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Dr H.H. Holmes - last part

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Old 09-10-2018, 02:29 AM
Ed Dazere (Offline)
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Default Dr H.H. Holmes - last part


I had taken quite a lot more of an interest in Benjamin’s wife and seriously considered the dirty with her, fraudster that she was. With the life insurance scam, we were intending to take $10,000 and split it, me, her, Jeptha, and Benji, if it worked. The scam was that Benji would take out the policy in the name of B. F. Perry, a factitious inventor who would die in a lab explosion (as it happened, Benji had exhibited at the Expo this shitty excuse for a coal bin, that was somehow novel, as if coal bins hadn’t actually been properly invented and here was the real thing – it looked like a woman’s bonnet). So, I had to find the cadaver to take his place. But I couldn’t; for some reason, the hobos had fled the vicinity – I guessed they’d come to fear for their safety, the sight of me coinciding with the losses of their ilk. But $10,000 was a lot of money, so someone had to step in.

After giving it considerable thought, I decided to kill Benji and use his body to represent “B. F. Perry”, which was ironic, poetic justice, and just damn hilarious.

Our notional character was set up in Philadelphia, in some shack that had been rented for six months. I took him there to help arrange the accident we’d planned whereby the place went up in a blast and burnt down, and the cadaver would be burnt beyond recognition, except it didn’t matter anyhow, since it would be him, ‘B. F. Perry’. It was in the early evening that I zonked him with C, then poured the benzene we’d stashed there over him. After dark, I set him and the premises ablaze and fled the scene. I thought I’d heard some screaming coming from the blazing place, if so, I wasn’t moved at all, well not emotionally.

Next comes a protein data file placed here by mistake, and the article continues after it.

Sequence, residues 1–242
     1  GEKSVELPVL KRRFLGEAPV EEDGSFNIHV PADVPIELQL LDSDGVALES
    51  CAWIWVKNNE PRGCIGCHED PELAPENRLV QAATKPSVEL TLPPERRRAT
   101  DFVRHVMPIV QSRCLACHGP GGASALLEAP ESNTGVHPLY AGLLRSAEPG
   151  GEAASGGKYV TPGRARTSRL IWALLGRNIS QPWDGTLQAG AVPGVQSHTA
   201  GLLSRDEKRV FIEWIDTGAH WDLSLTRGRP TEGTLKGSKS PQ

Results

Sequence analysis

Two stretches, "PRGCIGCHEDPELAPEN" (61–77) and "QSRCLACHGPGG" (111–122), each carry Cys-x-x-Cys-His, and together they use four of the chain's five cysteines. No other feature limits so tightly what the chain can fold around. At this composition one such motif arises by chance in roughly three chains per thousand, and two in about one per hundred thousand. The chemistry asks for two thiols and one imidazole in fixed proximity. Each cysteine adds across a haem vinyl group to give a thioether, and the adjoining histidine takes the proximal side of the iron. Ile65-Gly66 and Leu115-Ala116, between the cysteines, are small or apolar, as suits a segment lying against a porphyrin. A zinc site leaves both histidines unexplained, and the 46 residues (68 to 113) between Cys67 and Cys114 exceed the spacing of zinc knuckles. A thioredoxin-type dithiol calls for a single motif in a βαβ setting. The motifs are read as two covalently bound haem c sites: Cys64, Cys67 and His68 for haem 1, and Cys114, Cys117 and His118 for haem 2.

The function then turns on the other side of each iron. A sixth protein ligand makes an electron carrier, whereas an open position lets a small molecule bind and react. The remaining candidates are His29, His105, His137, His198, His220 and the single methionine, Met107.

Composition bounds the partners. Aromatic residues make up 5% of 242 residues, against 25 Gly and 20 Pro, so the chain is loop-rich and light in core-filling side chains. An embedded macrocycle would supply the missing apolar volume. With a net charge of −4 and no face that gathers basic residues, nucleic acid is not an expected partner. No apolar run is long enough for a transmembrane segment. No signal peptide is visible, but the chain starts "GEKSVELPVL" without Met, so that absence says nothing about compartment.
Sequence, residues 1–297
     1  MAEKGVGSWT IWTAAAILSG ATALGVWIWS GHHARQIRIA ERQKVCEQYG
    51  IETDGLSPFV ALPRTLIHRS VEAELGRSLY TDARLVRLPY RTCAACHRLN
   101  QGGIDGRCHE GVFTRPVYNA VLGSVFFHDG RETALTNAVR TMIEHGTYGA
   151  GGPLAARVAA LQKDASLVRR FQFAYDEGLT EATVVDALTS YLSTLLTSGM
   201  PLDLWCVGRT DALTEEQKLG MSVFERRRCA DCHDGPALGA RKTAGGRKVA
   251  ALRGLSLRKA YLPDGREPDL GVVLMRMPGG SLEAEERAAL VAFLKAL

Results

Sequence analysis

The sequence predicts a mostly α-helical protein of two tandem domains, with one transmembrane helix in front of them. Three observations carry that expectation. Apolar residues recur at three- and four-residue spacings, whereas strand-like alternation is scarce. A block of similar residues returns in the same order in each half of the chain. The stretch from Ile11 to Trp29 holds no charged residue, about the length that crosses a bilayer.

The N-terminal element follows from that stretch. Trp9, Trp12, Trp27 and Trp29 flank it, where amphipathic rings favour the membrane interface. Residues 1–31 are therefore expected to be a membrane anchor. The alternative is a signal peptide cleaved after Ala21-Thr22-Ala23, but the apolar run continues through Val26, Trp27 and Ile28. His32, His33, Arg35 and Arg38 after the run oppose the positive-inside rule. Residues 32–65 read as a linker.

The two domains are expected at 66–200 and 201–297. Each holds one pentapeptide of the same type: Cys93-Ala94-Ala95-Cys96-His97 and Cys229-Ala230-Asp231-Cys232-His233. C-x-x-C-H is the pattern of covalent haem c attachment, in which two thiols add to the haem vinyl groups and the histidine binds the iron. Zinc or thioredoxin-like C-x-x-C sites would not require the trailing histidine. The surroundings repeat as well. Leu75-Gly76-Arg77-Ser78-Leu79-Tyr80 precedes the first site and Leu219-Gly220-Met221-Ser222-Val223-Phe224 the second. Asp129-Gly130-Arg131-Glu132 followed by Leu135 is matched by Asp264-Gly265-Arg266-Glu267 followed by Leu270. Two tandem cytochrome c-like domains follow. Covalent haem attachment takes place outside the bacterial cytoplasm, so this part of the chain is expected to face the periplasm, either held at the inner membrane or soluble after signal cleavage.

The insurance came good that time. It went to his wife via the lawyer you see – since my name and my aliases were starting to raise suspicions of course. His wife Elanor was a daft creature. She gave me most of the proceeds from the scam, through various crooked demands, while Jeptha got his stakes in full, obviously. But Elanor started asking questions about Benjamin’s whereabouts, and I sincerely felt she thought I’d dispatched him, and wondered if she actually cared. When I tried to intimate the dirty with her, she become quite harpy and started to make some alarming noises about informing the authorities about her suspicions concerning Benjamin. I simply couldn’t stand that. I wanted some kind of security on her so managed to get her to hand over three of her children to me, which was as easy as taking candy from a baby, saying that I’d take care of them on Benjamin’s behalf, while she conducted her search for him, presumably believing he’d fled with an amore or just fled and left her high and dry.

I took Alice, Nellie, and Howard with me on a great trip throughout the Northern states. And into Canada. Myrta, as ever, simply believed I was off on business, and said nothing about it (she was one seriously dumb woman – I’d married another while on the run before, a Georgiana Yoke.)